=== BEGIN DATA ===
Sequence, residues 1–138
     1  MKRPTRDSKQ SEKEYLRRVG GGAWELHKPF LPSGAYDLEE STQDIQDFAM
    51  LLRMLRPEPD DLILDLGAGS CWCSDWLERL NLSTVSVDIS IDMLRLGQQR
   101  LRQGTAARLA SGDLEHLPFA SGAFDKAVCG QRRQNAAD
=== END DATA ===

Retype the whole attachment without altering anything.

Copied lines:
Sequence, residues 1–138
     1  MKRPTRDSKQ SEKEYLRRVG GGAWELHKPF LPSGAYDLEE STQDIQDFAM
    51  LLRMLRPEPD DLILDLGAGS CWCSDWLERL NLSTVSVDIS IDMLRLGQQR
   101  LRQGTAARLA SGDLEHLPFA SGAFDKAVCG QRRQNAAD